Using Bark and Other Loose Driveway Materials

Bark chippings, also known as bark mulch, are a popular surface for play areas in gardens and woodland paths, because they blend in with the colours and textures of a natural landscaping scheme (see our article Surfaces for Children’s Play Areas on this site). But although bark can’t really be used as a surface for a heavily used drive, people are starting to use it for domestic driveways in areas where they want to maintain an eco-balance. This is because the chippings will biodegrade and don’t use many harmful products in manufacturing and laying, unlike other common driveway materials.

Pros and Cons of Bark Chippings

There are a number of advantages to using bark chippings. They are cheap, easy to lay and bind together under pressure from car tyres. They also absorb water, are soft underfoot and quiet. Of course, a surface that’s biodegradable is one that will need replacing or topping up quite often as it degrades, and that’s the main problem.

Older chunks of bark will decompose and the lighter ones may blow away, although pressing with a garden roller will help bed the mulch down. The absorption of water can cause a problem, too, because if you have too much of it, and the ground beneath the bark doesn’t drain properly, the area can get waterlogged and the bark will rot. That will cause it to break down even faster and smell nasty.

Preparing the Ground

So as long as the driveway area is well drained, laying bark chippings should be a doddle. There are two basic methods but preparing the ground will be the same regardless, and usually just involves removing the top layer of grass or other vegetation to prevent weeds breaking through.

You can lay a permeable membrane down over the site to help weed prevention but, if you’re using bark chippings as part of an eco-friendly landscaping project, you’re unlikely to want to unless it’s made from a natural material. Even if it is, then its manufacture will have left a carbon footprint, although laying old Hessian carpet underlay would be a good way of reusing a material that’s already left its footprint behind.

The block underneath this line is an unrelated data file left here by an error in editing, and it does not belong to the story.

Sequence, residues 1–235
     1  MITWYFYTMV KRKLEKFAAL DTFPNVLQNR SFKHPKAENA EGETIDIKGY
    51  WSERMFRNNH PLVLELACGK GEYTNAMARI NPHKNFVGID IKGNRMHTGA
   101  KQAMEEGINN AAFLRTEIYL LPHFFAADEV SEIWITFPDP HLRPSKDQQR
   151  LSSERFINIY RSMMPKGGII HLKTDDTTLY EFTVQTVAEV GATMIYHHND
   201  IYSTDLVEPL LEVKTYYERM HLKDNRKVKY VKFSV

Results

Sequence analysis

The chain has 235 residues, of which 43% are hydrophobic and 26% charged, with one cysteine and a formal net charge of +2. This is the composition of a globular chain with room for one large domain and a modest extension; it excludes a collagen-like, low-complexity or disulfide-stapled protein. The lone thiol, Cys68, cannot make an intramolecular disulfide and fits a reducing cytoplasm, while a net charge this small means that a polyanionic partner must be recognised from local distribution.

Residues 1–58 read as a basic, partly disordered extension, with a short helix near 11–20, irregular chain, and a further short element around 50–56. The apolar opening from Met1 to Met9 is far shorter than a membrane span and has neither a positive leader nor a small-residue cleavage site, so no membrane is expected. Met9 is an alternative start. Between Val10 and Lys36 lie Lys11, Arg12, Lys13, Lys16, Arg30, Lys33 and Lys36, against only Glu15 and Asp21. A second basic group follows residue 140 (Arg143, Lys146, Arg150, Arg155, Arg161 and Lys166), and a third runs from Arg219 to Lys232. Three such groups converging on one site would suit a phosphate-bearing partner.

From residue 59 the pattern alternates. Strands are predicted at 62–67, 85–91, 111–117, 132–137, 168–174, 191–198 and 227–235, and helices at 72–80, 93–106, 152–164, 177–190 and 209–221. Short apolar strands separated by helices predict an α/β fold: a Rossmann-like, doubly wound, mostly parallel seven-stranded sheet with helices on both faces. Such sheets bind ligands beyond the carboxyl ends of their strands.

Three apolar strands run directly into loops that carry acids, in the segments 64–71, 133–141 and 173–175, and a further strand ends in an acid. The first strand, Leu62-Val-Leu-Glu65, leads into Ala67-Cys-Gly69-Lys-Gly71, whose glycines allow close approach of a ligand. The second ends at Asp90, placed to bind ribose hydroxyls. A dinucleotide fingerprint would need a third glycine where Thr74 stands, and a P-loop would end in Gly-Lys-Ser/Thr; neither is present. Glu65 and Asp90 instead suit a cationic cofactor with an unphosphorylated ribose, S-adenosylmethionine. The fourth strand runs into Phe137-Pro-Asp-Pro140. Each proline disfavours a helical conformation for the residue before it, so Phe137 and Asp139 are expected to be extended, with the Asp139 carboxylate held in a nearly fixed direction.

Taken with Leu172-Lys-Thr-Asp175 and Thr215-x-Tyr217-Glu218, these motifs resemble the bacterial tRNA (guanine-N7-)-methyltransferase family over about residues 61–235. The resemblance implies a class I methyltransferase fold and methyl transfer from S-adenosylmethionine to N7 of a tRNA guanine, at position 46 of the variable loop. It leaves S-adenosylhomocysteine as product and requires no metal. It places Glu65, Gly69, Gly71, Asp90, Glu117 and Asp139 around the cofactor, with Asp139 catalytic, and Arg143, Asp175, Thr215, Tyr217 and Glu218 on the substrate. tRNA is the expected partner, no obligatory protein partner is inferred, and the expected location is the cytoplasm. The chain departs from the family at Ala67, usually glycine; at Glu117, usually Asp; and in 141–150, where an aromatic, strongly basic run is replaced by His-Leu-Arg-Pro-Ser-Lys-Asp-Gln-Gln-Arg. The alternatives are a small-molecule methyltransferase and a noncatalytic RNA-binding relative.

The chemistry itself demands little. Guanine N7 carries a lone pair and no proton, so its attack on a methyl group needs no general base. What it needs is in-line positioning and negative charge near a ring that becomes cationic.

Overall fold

Laying Bark Driveways

The laying method you use will depend on the overall scheme of your landscaping project. It’s more usual to build borders up, perhaps from Timber Edging or similar material, so that the mulch layer will sit a couple of inches above the ground level. If you’re doing this for a playground, you should allow for at least a 30cm (12in) thick layer to help prevent injury from falls.

On footpaths, much less is required, perhaps 5-7cm (2-3in), and driveways should be somewhere in between. Too much and the cars will get bogged down, too little and the wheels will break through the driveway layer to the ground beneath, damaging the membrane if one was put down.

Natural Laying Method

The easier method is to simply lay down layers of bark chippings without the border. This might be better for a driveway as bark doesn’t give much support to any edging, so when vehicles drive over it, either by accident or to avoid something, they may break the border. Not having a border means that the mulch will spread further and break down faster, but after a few top-ups it should settle down.

The blurred edge that this will give you will just mean that the drive begins to blend in with the textures of the surrounding area, which will presumably be what an eco-friendly landscaping project will be trying to achieve anyway. And as it’s a completely organic material, it will help plant growth at the edges rather than hinder it.

Other Organic Driveway Materials

Of course, bark chippings aren’t the only organic loose material that you can use in a green landscaping project. Woodchips made from recycled, poor quality wood such as pallets can often be cheaper than bark. Because they are manufactured, you can get a more consistent size of chip, too. Although this might make the drive neater, you may also lose that effect of the blended textures, so the choice will depend on what you’re after.

You can also buy different sizes of wood chip, whereas with bark chippings you pretty much get what you’re given. Buying larger chips means they will be heavier than mulch and less likely to blow away, and the degradation process will be slower, so driveways will look neater and last longer.

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